5. 5.
    Hou N, Huo D, Dignam JJ (2013) Prevention of colorectal cancer and dietary management. Chin Clin Oncol 2:13. doi: 10.3978/j.issn.2304-3865.2013.04.03 Google Scholar
  6. 6.
    Burkitt DP (1971) Epidemiology of cancer of the colon and rectum. Cancer 28:3–13CrossRefGoogle Scholar
  7. 7.
    Saulnier L, Guillon F, Chateigner-Boutin A-L (2012) Cell wall deposition and metabolism in wheat grain. J Cereal Sci 56:91–108CrossRefGoogle Scholar
  8. 8.
    Lazaridou A, Biliaderis CG (2007) Molecular aspects of cereal β-glucan functionality: physical properties, technological applications and physiological effects. J Cereal Sci 46:101–118CrossRefGoogle Scholar
  9. 9.
    Williams BA, Mikkelsen D, le Paih L, Gidley MJ (2011) In vitro fermentation kinetics and end-products of cereal arabinoxylans and (1,3;1,4)-beta-glucans by porcine faeces. J Cereal Sci 53:53–58CrossRefGoogle Scholar
  10. 10.
    Hughes SA, Shewry PR, Gibson GR, McCleary BV, Rastall RA (2008) In vitro fermentation of oat and barley derived beta-glucans by human faecal microbiota. FEMS Microbiol Ecol 64:482–493CrossRefGoogle Scholar
  11. 11.
    Hughes SA, Shewry PR, Li L, Gibson GR, Sanz ML, Rastall RA (2007) In vitro fermentation by human fecal microflora of wheat arabinoxylans. J Agric Food Chem 55:4589–4595CrossRefGoogle Scholar
  12. 12.
    Ziemer CJ (2013) Broad diversity and newly cultured bacterial isolates from enrichment of pig feces on complex polysaccharides. Microb Ecol 66:448–461CrossRefGoogle Scholar
  13. 13.
    Knudsen KEB, Hansen I (1991) Gastrointestinal implications in pigs of wheat and oat fractions 1. Digestibility and bulking properties of polysaccharides and other major constituents. Br J Nutr 65:217–232CrossRefGoogle Scholar
  14. 14.
    Knudsen KEB, Canibe N (2000) Breakdown of plant carbohydrates in the digestive tract of pigs fed on wheat- or oat-based rolls. J Sci Food Agr 80:1253–1261CrossRefGoogle Scholar
  15. 15.
    Williams BA, Zhang D, Lisle AT, Mikkelsen D, McSweeney CS, Kang S, Bryden WL, Gidley MJ (2016) Soluble arabinoxylan enhances large intestinal microbial health biomarkers in pigs fed a red-meat containing diet. Nutrition 32:491–497CrossRefGoogle Scholar
  16. 16.
    Louis P, Flint H (2009) Diversity, metabolism and microbial ecology of butyrate-producing bacteria from the human large intestine. FEMS Microbiol Lett 294:1–8CrossRefGoogle Scholar
  17. 17.
    Chang PV, Hao L, Offermanns S, Medzhitov R (2013) The microbial metabolite butyrate regulates intestinal macrophage function via histone deacetylase inhibition. Proc Natl Acad Sci USA 111:2247–2252CrossRefGoogle Scholar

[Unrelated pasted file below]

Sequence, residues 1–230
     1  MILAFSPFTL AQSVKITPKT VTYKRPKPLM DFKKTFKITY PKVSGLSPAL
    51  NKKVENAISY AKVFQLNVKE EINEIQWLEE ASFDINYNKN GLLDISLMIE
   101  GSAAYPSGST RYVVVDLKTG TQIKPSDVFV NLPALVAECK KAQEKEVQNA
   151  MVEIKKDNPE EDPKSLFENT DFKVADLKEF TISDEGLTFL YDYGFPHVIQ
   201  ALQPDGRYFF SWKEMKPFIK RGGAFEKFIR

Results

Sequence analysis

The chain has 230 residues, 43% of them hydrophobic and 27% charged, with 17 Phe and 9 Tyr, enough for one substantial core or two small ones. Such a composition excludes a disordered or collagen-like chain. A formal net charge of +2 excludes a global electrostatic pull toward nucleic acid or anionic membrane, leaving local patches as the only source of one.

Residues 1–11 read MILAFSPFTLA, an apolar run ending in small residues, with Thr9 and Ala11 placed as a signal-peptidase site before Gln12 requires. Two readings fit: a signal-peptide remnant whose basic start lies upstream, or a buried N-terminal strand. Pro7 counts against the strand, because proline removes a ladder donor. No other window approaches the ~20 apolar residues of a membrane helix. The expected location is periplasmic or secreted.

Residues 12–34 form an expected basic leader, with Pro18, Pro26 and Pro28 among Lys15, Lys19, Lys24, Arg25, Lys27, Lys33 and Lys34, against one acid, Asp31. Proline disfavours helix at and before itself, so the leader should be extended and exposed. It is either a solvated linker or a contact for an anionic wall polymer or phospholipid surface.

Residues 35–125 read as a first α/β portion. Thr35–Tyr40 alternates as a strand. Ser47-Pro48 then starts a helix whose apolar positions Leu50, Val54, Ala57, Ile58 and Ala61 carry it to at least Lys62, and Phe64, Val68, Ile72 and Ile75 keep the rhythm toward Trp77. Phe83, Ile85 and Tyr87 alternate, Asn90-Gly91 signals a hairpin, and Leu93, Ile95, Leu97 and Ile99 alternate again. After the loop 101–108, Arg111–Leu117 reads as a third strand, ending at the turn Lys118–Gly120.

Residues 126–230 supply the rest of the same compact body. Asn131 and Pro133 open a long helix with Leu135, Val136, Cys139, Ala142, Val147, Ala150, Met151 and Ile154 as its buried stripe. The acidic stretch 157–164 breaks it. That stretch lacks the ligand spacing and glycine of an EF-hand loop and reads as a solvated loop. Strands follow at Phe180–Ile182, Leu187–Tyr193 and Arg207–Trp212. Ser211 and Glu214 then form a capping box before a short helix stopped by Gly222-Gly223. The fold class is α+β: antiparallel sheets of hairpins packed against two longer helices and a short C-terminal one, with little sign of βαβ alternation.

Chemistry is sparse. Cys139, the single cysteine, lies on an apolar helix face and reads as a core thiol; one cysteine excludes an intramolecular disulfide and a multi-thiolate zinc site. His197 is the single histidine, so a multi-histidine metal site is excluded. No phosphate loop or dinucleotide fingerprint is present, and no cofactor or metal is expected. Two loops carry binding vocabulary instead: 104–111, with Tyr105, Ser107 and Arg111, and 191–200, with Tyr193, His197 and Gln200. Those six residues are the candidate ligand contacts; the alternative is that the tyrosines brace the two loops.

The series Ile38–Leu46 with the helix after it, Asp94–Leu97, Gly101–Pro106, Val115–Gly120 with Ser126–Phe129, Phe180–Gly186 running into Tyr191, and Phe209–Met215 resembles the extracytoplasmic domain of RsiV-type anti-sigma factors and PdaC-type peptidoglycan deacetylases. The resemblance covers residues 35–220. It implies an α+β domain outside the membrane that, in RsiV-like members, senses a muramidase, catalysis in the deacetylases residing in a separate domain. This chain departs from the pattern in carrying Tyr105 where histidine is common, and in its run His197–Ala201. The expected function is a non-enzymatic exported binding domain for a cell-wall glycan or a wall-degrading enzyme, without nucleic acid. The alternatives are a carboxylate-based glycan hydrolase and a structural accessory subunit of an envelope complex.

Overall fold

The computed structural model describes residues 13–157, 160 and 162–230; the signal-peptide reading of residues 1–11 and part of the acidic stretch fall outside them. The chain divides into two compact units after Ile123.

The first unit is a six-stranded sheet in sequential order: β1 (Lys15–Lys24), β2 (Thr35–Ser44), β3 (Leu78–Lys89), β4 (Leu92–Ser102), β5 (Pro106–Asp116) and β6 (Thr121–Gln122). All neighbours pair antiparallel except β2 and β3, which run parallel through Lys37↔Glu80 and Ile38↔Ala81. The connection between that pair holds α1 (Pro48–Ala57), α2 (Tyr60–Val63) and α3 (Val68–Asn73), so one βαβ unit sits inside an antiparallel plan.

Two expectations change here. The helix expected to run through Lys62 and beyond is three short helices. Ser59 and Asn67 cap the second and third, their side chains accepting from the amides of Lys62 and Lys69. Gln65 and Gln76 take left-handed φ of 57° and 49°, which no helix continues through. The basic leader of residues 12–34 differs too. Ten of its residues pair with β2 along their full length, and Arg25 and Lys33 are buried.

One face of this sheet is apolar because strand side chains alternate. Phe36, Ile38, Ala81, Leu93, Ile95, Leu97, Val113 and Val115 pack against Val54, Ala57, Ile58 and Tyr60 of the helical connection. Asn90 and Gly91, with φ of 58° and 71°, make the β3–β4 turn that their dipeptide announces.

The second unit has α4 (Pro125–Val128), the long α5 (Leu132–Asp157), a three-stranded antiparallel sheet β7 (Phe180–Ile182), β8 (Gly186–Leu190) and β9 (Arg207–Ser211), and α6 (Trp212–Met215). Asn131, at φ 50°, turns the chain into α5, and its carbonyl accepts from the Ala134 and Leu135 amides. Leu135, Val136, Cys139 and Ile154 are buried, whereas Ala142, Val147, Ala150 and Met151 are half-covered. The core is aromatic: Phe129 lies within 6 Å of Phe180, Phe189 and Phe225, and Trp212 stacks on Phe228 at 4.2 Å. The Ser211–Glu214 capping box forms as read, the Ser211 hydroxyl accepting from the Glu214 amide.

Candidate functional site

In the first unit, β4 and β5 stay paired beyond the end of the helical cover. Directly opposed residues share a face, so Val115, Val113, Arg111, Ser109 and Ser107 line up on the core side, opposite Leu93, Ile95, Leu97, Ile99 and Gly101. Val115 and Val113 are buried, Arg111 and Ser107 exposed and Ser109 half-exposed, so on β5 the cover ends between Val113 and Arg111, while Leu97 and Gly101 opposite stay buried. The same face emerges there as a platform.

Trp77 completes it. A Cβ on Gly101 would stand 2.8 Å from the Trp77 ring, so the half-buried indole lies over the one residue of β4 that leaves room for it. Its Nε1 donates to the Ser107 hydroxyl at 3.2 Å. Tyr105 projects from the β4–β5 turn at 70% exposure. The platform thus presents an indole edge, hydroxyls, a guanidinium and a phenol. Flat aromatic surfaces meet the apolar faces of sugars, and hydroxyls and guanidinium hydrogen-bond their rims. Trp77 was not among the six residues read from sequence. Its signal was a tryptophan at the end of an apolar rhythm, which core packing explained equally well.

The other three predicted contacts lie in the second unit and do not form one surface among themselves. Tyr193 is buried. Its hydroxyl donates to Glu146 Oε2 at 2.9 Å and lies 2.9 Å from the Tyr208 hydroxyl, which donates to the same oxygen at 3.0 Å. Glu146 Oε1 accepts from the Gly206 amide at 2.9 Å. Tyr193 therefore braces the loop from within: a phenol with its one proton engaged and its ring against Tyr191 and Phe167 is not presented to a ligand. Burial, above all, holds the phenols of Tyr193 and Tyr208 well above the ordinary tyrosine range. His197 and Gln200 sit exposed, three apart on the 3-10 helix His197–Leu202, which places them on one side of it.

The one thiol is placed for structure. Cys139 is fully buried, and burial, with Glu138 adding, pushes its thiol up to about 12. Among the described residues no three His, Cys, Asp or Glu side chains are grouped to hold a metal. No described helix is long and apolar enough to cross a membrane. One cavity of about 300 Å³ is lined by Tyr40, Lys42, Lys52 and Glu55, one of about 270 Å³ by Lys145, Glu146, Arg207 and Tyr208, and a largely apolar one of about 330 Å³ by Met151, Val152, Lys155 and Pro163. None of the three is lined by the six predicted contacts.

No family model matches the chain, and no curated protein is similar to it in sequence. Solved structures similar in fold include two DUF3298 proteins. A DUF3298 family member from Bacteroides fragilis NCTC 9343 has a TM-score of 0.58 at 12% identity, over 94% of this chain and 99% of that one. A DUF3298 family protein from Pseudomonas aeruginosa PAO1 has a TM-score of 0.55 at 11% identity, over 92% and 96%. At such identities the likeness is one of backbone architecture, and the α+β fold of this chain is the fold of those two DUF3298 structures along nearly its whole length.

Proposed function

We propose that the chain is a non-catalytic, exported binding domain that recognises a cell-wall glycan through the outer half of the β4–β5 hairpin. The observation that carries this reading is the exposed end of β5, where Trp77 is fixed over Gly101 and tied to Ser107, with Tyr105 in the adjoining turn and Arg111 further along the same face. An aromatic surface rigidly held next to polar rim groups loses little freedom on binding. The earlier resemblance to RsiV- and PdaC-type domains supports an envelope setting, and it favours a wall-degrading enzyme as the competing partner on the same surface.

18. 18.
    Tremaroli V, Bäckhed F (2012) Functional interactions between the gut microbiota and host metabolism. Nature 489:242–249CrossRefGoogle Scholar
  19. 19.
    Leng SL, Leeding KS, Gibson PR, Bach LA (2001) Insulin-like growth factor-II renders LIM 2405 human colon cancer cells resistant to butyrate-induced apoptosis: a potential mechanism for colon cancer cell survival in vivo. Carcinogenesis 22:1625–1631CrossRefGoogle Scholar
  20. 20.
    Hughes R, Magee EA, Bingham S (2000) Protein degradation in the large intestine: relevance to colorectal cancer. Curr Issues in Intest Microbiol 1:51–58Google Scholar
  21. 21.
    Sokol H, Pigneur B, Watterlot L, Lakhdari O, Bermudez-Humaran LG, Gratadoux J-J, Blugeon S, Bridonneau C, Furet JP, Corthier G, Grangette C, Vasquez N, Pochart P, Trugnan G, Thomas G, Blottière HM, Doré J, Marteau P, Seksik P, Langella P (2008) Faecalibacterium prausnitzii is an anti-inflammatory commensal bacterium identified by gut microbiota analysis of Crohn disease patients. Proc Natl Acad Sci USA 105:16731–16736CrossRefGoogle Scholar
  22. 22.
    Miquel S, Leclerc M, Martin R, Chain F, Lenoir M, Raguideau S, Hudault S, Bridonneau C, Northen T, Bowen B, Bermúdez-Humarán LG, Sokol H, Thomas M, Langella P (2015) Identification of metabolic signatures linked to anti-inflammatory effects of Faecalibacterium prausnitzii. mBio. ASM 6:1–15. doi: 10.1128/mBio.00300-15 Google Scholar
  23. 23.
    Cummings J (1993) The effect of dietary fiber on fecal weight and composition. In: Spiller GA (ed) CRC Handbook of dietary fiber in human nutrition. CRC Press, Boca Raton, pp 263–315Google Scholar
  24. 24.
    Jenkins DJA, Vuksan V, Kendall CWC, Wursch P, Jeffcoat R, Waring S, Mehling CC, Vidgen E, Augustin LS, Wong E (1998) Physiological effects of resistant starches on fecal bulk, short chain fatty acids, blood lipids and glycemic index. J Am Coll Nutr 17:609–616CrossRefGoogle Scholar
  25. 25.
    Young GP (2000) Colorectal disorders: a dietary management perspective. Asia Pac J Clin Nut 9:S76–S82CrossRefGoogle Scholar
  26. 26.